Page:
I don't want to completely bad mouth the guy, because he is entitled to what he believes! I just think that it's a little ridiculous that he's ridiculing the idea of skepticism and reasonable doubt and the yearning for more information. Especially seeing as how I advocated that it very well could have been the Bard from Stratford. I'm just interested in the debate and interested in the information and the arguments that all sides come up with. It's entertaining, informative and, most importantly, gets you thinking critically, which is something not enough people these days do.
Mark Anderson on panel at "Shakespeare: The Authorship Question"

During the closing commentary, Mark Anderson said -- in a very gracious but grave manner -- that he could not allow Prosser’s remark to stand without comment. “We are studying a literary question,” Anderson said. “We are not killing six-million people.”

Professor Rubin said that the April 7, 2012 seminar was being taped and would be published in edited form at a future date. He also intends to write about his Shakespeare authorship course for publication.

Wednesday, April 11, 2012

Poet Patricia Keeney reads "Shakespeare in Space" at Toronto authorship conference

Patricia Keeney reading "Shakespeare in Space" York. U. April 7, 2012

Poet Patricia Keeney read her poem "Shakespeare in Space" at the York University seminar titled "Shakespeare: The Authorship Question" held April 7, 2012 in Toronto, Canada. Keeney is professor of English and creative writing at the university and is married to conference organizer Don Rubin. Together they attended the 2009 SF/SOS Shakespeare authorship conference held in Houston where Keeney was inspired to compose "Shakespeare in Space". Keeney said:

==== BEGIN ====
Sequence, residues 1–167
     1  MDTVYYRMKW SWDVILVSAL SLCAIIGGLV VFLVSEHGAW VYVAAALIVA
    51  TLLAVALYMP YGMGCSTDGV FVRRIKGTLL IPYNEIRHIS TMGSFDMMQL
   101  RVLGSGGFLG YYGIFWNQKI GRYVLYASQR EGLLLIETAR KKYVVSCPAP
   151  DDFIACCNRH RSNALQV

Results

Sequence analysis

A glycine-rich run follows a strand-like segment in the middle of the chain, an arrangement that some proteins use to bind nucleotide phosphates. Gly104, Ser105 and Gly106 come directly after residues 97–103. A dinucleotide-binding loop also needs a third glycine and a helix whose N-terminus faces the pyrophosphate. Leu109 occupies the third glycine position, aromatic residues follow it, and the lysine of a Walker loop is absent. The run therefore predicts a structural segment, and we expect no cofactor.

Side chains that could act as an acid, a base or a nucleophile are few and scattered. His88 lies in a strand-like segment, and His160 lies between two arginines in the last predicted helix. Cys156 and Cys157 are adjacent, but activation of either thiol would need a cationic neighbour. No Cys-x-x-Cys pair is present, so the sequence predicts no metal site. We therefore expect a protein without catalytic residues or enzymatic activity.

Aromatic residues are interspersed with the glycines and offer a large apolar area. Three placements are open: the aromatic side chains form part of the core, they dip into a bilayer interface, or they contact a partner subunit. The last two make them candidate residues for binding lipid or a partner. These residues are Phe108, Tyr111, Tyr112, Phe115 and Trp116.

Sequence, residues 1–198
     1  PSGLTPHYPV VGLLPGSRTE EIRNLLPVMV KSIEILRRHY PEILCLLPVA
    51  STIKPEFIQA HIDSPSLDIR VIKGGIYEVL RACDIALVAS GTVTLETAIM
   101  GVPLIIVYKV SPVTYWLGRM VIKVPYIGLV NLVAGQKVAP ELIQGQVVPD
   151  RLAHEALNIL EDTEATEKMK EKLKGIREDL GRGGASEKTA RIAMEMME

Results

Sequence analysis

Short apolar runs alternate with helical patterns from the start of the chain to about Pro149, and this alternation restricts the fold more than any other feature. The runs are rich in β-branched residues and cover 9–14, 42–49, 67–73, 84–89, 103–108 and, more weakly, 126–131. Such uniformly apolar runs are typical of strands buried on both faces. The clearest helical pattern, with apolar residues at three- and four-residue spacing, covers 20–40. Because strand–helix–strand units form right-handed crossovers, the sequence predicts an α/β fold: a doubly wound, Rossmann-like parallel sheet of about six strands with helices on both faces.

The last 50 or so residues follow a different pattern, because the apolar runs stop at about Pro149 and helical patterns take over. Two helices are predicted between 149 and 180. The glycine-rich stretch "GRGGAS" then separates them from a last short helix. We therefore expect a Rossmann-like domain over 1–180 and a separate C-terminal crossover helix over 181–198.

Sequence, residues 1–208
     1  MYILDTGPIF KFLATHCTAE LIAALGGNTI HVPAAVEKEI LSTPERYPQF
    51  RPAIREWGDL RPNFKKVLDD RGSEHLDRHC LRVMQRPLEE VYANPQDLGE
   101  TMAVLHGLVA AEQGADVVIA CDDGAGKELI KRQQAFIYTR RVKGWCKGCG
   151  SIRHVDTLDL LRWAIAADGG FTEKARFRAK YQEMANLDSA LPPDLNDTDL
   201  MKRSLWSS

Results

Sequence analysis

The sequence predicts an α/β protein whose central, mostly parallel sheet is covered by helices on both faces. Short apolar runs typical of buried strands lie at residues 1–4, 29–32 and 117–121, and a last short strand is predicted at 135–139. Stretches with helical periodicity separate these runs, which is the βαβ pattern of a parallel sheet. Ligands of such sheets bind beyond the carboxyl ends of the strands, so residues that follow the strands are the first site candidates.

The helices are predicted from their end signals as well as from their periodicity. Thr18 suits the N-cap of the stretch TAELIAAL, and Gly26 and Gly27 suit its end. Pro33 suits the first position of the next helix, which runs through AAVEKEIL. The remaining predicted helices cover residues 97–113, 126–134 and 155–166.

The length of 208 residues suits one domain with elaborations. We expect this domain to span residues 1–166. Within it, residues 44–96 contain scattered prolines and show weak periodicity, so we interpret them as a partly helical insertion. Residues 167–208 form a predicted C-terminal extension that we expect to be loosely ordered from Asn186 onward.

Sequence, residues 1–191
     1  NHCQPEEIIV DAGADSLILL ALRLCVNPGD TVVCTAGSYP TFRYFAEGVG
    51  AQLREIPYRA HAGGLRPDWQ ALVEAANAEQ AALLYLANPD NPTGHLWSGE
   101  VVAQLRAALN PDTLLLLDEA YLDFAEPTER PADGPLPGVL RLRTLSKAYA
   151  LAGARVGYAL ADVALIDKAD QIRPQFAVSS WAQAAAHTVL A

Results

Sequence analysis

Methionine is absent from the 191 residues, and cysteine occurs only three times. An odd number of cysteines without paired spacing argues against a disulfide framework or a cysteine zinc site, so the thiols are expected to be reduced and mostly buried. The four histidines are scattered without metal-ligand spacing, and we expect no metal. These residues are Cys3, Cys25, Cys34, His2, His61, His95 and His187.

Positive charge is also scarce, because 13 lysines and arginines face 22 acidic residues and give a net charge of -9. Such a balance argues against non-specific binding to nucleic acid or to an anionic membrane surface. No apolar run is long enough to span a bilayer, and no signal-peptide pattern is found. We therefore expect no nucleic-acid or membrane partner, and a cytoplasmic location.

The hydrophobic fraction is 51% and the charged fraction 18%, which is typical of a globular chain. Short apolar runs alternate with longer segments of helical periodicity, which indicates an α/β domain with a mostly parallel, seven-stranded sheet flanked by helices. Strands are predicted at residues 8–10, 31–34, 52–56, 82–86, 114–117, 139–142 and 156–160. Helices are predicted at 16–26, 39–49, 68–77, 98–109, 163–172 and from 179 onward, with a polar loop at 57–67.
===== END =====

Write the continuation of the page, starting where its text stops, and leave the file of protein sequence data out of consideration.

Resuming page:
What inspired the poem is contained in the little headnote under the title. That first (for me) conference in Houston with the Oxfordians was a revelation. Combined with our tour of the space centre, it gave me two whole sets of languages with which to express what I think is really a call to take risks in our thinking, especially in academia which should be all about discovery and exploration, intelligent adventure!
As an editor, and theater and literary critic, Keeney publishes in Canadian and international journals. She is the author of nine books of poetry and a picaresque novel, The Incredible Shrinking Wife; her works have been translated into many languages including Hindi and Chinese. Her latest English book of poetry, First Woman, was published in 2011 by Inanna Publications.
Oberon is honored to be given permission to publish the poem, "Shakespeare in Space", by Patricia Keeney.

Shakespeare in Space

(being the result of a conference on the Shakespeare authorship question held in Houston, Texas)
Houston we have a problem.

There’s an alien in the galaxy
imposter on the cultural radar
pretender to the literary throne

an English Renaissance upstart
cruising around with the classicists
Gemini and Apollo
sailing the Sea of Tranquility
cresting an Ocean of Storms

here and now
at the authorship conference
literary inquisition
star chamber, torturing
the question:
was Shakespeare really Shakespeare?

or the Earl of Oxford?